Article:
Merck and Pfizer have announced that the European Commission (EC) has approved Bavencio in combination with axitinib for the first-line treatment of adult patients with advanced renal cell carcinoma (RCC).The approval was based on positive interim results from the Phase III JAVELIN Renal 101 study, which demonstrated that Bavencio, a PD-L1 inhibitor, in combination with axitinib (a VEGF inhibitor) significantly lowered risk of disease progression or death by 31% and nearly doubled the objective response rate compared with sunitinib in patients with advanced RCC irrespective of PD-L1 status.
Approximately 40% of patients are first diagnosed with RCC at the advanced stage, and 30% of patients treated for an earlier stage go on to develop metastases. About half of patients living with advanced RCC do not go on to receive additional treatment after first-line therapy, for reasons that may include poor performance status or adverse events from their initial treatment. The five-year survival rate for patients with metastatic RCC is approximately 12%.
More than 12,000 people are diagnosed with renal cell carcinoma (RCC) in the UK each year and it is now the seventh most common cancer in British adults.
Since the early 1990s, kidney cancer incidence rates have increased by almost 87% in the UK. It is expected to be one of the fastest growing cancers over the next decade due to a range of factors including the UK’s ageing population, smoking, and the rise in obesity.
Dr Balaji Venugopal, Honorary Clinical Senior Lecturer, University of Glasgow, said: “Advanced kidney cancer has a devastating impact on patients’ quality and longevity of life and there is an unmet need to improve on the current available treatment and treat this disease with newer drugs.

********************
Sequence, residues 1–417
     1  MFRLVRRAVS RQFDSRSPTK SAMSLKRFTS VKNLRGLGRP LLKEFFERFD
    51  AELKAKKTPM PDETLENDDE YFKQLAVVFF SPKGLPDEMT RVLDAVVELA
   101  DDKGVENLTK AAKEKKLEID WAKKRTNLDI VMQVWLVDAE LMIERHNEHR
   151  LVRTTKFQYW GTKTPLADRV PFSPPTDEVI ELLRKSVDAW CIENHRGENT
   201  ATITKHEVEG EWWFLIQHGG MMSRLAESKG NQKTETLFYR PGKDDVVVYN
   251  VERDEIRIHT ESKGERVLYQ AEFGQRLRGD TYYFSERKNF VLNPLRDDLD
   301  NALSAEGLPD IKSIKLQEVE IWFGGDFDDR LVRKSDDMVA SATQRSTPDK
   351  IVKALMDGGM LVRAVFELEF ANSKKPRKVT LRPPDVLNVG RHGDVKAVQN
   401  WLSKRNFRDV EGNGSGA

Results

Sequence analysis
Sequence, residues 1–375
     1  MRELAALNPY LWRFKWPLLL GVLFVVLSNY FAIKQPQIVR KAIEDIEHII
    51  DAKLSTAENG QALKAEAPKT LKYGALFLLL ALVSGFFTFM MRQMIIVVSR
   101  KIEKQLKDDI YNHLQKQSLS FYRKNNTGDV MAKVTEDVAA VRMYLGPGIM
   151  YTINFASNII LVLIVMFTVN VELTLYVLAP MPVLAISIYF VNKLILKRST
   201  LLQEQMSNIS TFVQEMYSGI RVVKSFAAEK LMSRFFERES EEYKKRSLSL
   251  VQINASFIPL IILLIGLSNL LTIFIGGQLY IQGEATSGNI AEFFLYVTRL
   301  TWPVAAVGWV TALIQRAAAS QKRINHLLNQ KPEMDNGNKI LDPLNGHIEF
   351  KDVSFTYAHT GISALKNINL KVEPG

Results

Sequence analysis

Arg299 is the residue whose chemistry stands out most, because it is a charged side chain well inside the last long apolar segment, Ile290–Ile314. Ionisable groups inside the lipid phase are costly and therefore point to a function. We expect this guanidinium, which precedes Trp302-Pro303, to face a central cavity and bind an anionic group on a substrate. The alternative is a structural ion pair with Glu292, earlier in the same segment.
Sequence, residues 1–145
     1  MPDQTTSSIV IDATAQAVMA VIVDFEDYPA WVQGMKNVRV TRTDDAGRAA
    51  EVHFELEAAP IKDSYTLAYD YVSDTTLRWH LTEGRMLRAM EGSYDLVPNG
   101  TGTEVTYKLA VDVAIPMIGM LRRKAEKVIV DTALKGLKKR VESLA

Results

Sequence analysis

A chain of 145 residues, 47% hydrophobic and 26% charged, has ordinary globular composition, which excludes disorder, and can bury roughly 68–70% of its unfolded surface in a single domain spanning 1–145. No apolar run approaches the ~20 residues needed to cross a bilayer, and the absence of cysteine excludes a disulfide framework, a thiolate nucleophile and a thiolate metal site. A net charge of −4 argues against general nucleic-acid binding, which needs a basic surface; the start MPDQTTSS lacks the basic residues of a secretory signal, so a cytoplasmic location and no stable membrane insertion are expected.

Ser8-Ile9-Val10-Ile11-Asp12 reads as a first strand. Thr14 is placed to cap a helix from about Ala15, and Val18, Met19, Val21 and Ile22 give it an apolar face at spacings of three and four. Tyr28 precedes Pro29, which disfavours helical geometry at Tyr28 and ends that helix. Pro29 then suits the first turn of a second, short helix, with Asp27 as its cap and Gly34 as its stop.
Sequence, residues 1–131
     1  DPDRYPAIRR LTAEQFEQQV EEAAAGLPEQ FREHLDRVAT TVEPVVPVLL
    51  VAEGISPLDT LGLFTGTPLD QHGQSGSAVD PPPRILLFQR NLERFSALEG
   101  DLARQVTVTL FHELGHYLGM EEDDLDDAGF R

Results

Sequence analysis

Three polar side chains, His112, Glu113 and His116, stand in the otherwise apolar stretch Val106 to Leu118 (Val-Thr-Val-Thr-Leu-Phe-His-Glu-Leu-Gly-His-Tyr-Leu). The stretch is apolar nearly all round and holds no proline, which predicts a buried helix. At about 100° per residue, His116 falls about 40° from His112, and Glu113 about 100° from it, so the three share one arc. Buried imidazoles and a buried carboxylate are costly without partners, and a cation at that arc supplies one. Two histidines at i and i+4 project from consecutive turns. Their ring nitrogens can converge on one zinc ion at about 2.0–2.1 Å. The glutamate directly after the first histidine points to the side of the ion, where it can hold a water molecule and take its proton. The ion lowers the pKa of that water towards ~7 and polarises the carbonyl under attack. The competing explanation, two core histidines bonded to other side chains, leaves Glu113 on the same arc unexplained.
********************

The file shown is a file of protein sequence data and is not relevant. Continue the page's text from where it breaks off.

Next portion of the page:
“Avelumab, a novel immunotherapy, in combination with axitinib has demonstrated clinically significant and meaningful improvements in efficacy by extending the time without worsening of cancer and causing tumour shrinkage, along with a generally manageable safety profile compared to currently available treatment. Notably this benefit is seen in all prognostic risk groups in patients with advanced renal cell carcinoma and can help healthcare professionals optimise their patients’ treatment. [This] approval is a step in the right direction and it is exciting to be able to treat our patients first-line with this novel combination to improve outcomes for our patients.”
Nick Turkentine, CEO of Kidney Cancer UK said: “Renal cell carcinoma is the most common type of kidney cancer, accounting for over 80% of all cases of the disease. Around 4,500 kidney cancer deaths occur in the UK every year and people with advanced RCC have typically faced very poor outcomes.
“There is a considerable need for more treatment options, and we are pleased this new treatment for advanced RCC has been approved to be used in the UK. It’s important that it is now made available to patients who need the treatment as soon as possible.”
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